Insurance underwriters claim they shouldn’t be responsible for reimbursing a charity for payouts to golf fans for two holes-in-one made during the PGA Tour’s Greenbrier Classic in White Sulphur Springs, West Virginia, because the aces weren’t long enough.
The tournament’s insurance underwriters filed a lawsuit Wednesday in U.S. District Court in Beckley, West Virginia, against Old White Charities, The Greenbrier Classic’s nonprofit financial arm.
Under a tournament-sponsored program, fans seated in the grandstands on the 18th hole of the Old White TPC course in White Sulphur Springs receive payouts of $100 for the first hole-in-one during the tournament, $500 for a second ace and $1,000 for a third.
George McNeill and Justin Thomas each made holes-in-one from 137 yards with pitching wedges hours apart on the par-3 18th on July 2.
After both holes-in-one, tournament chairman and The Greenbrier resort owner Jim Justice went through the grandstands handing out cash. The PGA Tour announced that total payouts of $192,000 were made. The tournament also gave McNeill $25,000 and Thomas $50,000 for the charities of their choice.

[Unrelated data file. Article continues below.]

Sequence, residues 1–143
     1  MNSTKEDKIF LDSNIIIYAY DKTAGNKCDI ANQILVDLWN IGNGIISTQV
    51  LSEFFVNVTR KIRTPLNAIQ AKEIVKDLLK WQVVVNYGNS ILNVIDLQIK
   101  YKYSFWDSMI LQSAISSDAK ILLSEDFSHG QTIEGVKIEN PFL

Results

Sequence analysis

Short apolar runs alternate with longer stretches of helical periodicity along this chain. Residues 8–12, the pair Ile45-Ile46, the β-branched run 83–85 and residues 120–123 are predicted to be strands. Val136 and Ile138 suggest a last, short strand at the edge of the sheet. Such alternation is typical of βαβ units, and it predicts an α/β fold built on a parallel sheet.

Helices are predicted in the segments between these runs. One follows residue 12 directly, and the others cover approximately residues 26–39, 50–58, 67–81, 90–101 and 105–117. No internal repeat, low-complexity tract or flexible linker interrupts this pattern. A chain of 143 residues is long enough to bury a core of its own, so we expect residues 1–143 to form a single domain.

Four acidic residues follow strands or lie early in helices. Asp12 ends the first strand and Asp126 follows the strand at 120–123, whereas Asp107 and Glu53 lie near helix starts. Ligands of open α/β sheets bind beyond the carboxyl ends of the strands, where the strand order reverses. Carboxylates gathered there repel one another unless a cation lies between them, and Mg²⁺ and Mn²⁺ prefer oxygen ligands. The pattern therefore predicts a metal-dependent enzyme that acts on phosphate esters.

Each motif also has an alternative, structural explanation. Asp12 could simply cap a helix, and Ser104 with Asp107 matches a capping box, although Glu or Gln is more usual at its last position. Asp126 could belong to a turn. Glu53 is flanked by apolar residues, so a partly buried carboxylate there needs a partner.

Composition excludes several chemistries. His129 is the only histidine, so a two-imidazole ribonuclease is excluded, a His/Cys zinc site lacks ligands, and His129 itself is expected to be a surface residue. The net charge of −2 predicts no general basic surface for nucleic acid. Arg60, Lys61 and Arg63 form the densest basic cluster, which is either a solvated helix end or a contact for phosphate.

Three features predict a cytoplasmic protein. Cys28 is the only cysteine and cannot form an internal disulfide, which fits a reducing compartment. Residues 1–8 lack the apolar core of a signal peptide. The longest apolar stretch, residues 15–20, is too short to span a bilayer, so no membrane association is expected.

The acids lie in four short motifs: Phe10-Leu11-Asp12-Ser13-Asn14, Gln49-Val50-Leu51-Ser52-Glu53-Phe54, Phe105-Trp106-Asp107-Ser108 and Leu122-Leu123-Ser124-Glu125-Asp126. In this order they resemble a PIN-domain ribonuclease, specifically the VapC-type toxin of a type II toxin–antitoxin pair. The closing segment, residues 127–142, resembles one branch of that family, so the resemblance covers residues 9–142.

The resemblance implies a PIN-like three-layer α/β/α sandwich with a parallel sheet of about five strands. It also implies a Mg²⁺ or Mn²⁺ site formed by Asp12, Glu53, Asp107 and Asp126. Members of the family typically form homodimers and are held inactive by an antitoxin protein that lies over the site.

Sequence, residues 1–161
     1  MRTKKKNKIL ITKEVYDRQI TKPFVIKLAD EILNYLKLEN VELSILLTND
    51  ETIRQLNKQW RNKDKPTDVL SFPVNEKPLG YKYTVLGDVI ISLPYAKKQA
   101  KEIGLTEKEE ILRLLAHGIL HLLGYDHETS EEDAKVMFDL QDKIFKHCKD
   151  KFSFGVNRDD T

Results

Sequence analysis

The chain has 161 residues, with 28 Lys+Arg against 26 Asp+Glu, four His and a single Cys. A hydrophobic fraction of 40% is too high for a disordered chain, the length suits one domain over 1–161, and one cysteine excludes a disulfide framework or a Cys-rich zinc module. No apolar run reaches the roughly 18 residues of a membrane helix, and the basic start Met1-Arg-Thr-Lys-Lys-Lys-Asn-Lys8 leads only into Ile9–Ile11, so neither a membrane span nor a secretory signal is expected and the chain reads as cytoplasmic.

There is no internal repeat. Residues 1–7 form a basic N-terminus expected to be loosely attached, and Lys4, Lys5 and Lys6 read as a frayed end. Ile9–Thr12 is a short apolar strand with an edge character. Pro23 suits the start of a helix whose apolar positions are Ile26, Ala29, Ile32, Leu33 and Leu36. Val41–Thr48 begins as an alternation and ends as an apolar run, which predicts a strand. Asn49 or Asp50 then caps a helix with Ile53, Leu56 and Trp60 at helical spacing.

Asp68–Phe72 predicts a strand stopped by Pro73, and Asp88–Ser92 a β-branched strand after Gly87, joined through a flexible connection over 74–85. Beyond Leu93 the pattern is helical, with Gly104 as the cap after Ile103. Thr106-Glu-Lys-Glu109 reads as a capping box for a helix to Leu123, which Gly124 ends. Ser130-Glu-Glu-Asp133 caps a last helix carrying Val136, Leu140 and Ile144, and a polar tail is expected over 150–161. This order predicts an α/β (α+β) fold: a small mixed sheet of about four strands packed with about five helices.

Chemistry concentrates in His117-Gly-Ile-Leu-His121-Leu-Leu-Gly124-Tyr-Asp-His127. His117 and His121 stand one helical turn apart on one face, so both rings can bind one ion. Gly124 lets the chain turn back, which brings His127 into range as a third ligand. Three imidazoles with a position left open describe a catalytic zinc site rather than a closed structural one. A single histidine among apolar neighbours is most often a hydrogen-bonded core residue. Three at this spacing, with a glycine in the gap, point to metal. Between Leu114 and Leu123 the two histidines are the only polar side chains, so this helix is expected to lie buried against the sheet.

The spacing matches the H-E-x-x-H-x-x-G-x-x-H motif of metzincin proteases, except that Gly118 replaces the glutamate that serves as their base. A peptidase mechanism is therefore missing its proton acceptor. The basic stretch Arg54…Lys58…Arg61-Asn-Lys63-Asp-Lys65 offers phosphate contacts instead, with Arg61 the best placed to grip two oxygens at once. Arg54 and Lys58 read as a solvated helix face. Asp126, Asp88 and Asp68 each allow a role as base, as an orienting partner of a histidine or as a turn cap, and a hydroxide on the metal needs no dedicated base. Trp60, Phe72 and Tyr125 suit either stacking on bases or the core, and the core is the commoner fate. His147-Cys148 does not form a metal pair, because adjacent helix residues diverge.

The lawsuit said Old White Charities’ policy stipulated a minimum distance of 170 yards on the 18th hole and that the underwriters shouldn’t be responsible for the cash payouts last month.
The lawsuit also said Old White Charities never paid its premium of $106,470 by a July 1 deadline.
A message left for Old White Charities in White Sulphur Springs wasn’t immediately returned Thursday.
The lawsuit was filed by Talbot 2002 Underwriting Capital Ltd., White Mountains Re Sirius Capital Ltd. and Markel Capital Limited, all based in London.
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